Freckles and Journals

“Freckles and Journals,” Friend, Mar. 1993, 2

Freckles and Journals

Man looketh on the outward appearance, but the Lord looketh on the heart (1 Sam. 16:7).

Matt scowled into the mirror. The freckles scattered across his nose and cheeks looked bigger than ever. In fact, his whole face seemed to be one big freckle. “Mom,” he asked, “why do I have so many freckles? You and Dad don’t have any.”

“I did when I was your age. So did my father. And his father before him.”

“How do you know?”

“I’ve seen pictures of them. Your great-grandfather had so many freckles that people called him ‘Red’ when he was your age. His name was Matthew too.”

“Oh, great,” Matt muttered.

“He was a great man,” Mother chided. “My father used to tell me wonderful stories about him.”

But Matt didn’t want to hear that. He just wanted to get rid of about fifty thousand freckles.

“Your great-great-aunt Emily is coming tomorrow. She could tell you a lot more about him. He was her brother.”

“Can she tell me how to get rid of freckles?”

Mom ruffled his hair. “Your freckles won’t last forever.”

Matt grumbled his way through breakfast. When he learned he’d have to give up ball practice to come home to meet his aunt, he grumbled even louder.

“Your aunt wants to see you,” his mother said in the tone she used when she wasn’t happy with him. “Besides, she has something special for you.”

Matt mumbled an apology and slid from his chair. He wanted to rub lemon juice over his face. He’d read in a magazine that lemon juice faded freckles.

Thirty minutes later, he looked in the mirror in disgust. His freckles were still there. If anything, they were more noticeable than ever.

His mood didn’t improve any when he got to school.

“Hey, Matt, you look like you were swallowed by a freckle,” his friend Josh teased.

“Yeah,” Sam added. “A big freckle!”

“Lay off,” Matt said.

By the time school was over, Matt was tired of being teased. He didn’t really feel like meeting Aunt Emily or anyone else, either. But she was there waiting when he walked into the kitchen.

“You look just like my brother Matthew did when he was eleven,” Aunt Emily said.

In spite of himself, Matt was curious. “I do?”

Aunt Emily’s lined face crinkled into a smile. “He had the same stubborn chin, the same blue eyes, and the same freckles.”

Matt scowled. “Did he hate them too?”

Her smile deepened. “He sure did—at first.”

Intrigued, Matt sat down at the kitchen table. He said “thanks” when his mother placed four peanut butter cookies in front of him, but he was more interested in what Aunt Emily had to say. “He didn’t always hate them?”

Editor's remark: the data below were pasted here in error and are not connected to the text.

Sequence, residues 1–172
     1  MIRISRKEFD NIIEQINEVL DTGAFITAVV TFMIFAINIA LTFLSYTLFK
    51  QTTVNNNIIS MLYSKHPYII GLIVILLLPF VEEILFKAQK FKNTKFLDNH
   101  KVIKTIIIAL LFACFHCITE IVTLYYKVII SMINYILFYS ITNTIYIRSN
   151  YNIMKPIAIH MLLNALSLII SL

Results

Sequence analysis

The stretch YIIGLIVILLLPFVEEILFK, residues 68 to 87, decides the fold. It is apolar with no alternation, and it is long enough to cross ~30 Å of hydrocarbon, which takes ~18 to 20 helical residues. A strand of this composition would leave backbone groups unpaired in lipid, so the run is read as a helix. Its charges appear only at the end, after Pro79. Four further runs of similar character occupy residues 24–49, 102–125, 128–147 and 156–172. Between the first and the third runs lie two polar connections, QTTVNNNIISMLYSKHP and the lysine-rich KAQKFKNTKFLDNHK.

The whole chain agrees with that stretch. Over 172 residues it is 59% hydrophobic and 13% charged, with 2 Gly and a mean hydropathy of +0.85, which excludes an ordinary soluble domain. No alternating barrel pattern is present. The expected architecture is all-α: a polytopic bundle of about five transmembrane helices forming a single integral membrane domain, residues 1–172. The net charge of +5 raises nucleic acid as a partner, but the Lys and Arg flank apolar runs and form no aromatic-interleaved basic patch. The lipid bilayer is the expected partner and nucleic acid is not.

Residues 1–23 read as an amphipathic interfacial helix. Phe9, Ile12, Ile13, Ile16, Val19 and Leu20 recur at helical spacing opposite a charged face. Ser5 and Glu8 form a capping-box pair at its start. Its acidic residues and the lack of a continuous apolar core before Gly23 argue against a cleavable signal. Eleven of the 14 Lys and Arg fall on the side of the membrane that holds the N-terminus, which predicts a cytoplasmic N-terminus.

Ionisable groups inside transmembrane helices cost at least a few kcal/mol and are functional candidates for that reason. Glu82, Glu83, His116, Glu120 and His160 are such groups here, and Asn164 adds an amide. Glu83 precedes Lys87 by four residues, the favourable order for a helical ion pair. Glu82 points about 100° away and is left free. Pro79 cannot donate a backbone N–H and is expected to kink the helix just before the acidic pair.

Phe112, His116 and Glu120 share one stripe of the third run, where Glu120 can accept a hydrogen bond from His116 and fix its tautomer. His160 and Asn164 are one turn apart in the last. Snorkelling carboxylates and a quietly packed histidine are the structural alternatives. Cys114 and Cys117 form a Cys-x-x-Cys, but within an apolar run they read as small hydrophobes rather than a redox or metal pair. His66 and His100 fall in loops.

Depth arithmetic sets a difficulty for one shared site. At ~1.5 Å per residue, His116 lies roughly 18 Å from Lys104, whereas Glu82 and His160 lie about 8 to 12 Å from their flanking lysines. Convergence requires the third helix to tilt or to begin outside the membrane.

She shook her head. “No, he didn’t.”

“Why not?”

“Because they helped him get the lead in the school play. He tried out for the part of Tom Sawyer and got it because of his freckles.”

“But I don’t want to be Tom Sawyer,” Matt said.

“What do you want to do?”

“I want to be a professional ball player or president of a company or something.”

Aunt Emily shoved a package toward him. “Here.”

Eagerly Matt unwrapped the brown paper, then stared in disappointment at an old leather-bound book. “What’s this?”

“It’s your great-grandfather’s journal. He started keeping it when he was just about your age.”

Matt opened it. Pasted inside the front cover was an old-fashioned photograph of a young boy. Even the faded tones of the picture couldn’t hide the freckles scattered across his face. “This is my great-grandfather?” Matt asked.

Aunt Emily nodded. “Does he look familiar?”

Matt didn’t answer. His own face stared back at him.

That evening, he excused himself after dinner and went upstairs to his room. He started flipping through the journal. He stopped at an entry dated June 15, 1911: “Worked in the fields today. It was hot! Earned $1.50.”

Matt kept reading. His eyes drooped, but he couldn’t put the book down.

“Aunt Emily, do you have any more of my great-grandfather’s journals?” he asked the next morning.

“I sure do. I had a feeling that you might be interested in them.” She motioned to him to follow her to the bedroom, where she opened her suitcase. Inside were eight journals—seven brown and one black. She picked up the black one and handed it to Matt. “This one is very special,” she said.

Matt looked inside. The pages were blank. “It’s empty.”

She smiled. “I know. You get to fill them.”

He wanted to look through the other journals right away, but he had to hurry off to school. After gulping his juice, he folded a piece of toast and jammed it into a napkin and ran to catch the bus.

His fifth grade teacher assigned a report due the next day. “Choose someone you admire and tell us about him.”

The other kids started talking about whom they would choose. Josh chose Abraham Lincoln. Sam picked Thomas Edison. Mary chose Babe Didrikson Zaharias. Matt frowned. All the good names seemed to be taken. But by that evening, Matt knew whom he was going to give his report on.

As he stood before the class the following day, he rubbed his wet palms against his jeans and took a deep breath. “My great-grandfather was never president. He never invented anything. He never even finished school. But he was a great man. When he was twelve, his father died. So he dropped out of school to help support his family. He hoed beets for only a dollar-fifty a day. When he was nineteen, he went on a mission for The Church of Jesus Christ of Latter-day Saints.”

By the end of his report, Matt was flushed. “I’m proud that I look like my great-grandfather. I hope I can be the kind of man he was.”

The class applauded.

After school, Matt hurried to spend more time talking with Aunt Emily about his great-grandfather Matthew. He also wanted to write in his own journal about his class report. Before going to bed, he looked in the mirror. His customary scowl had been replaced by a smile as he studied his freckles. He decided he didn’t mind them so much, after all.

Illustrated by Dick Brown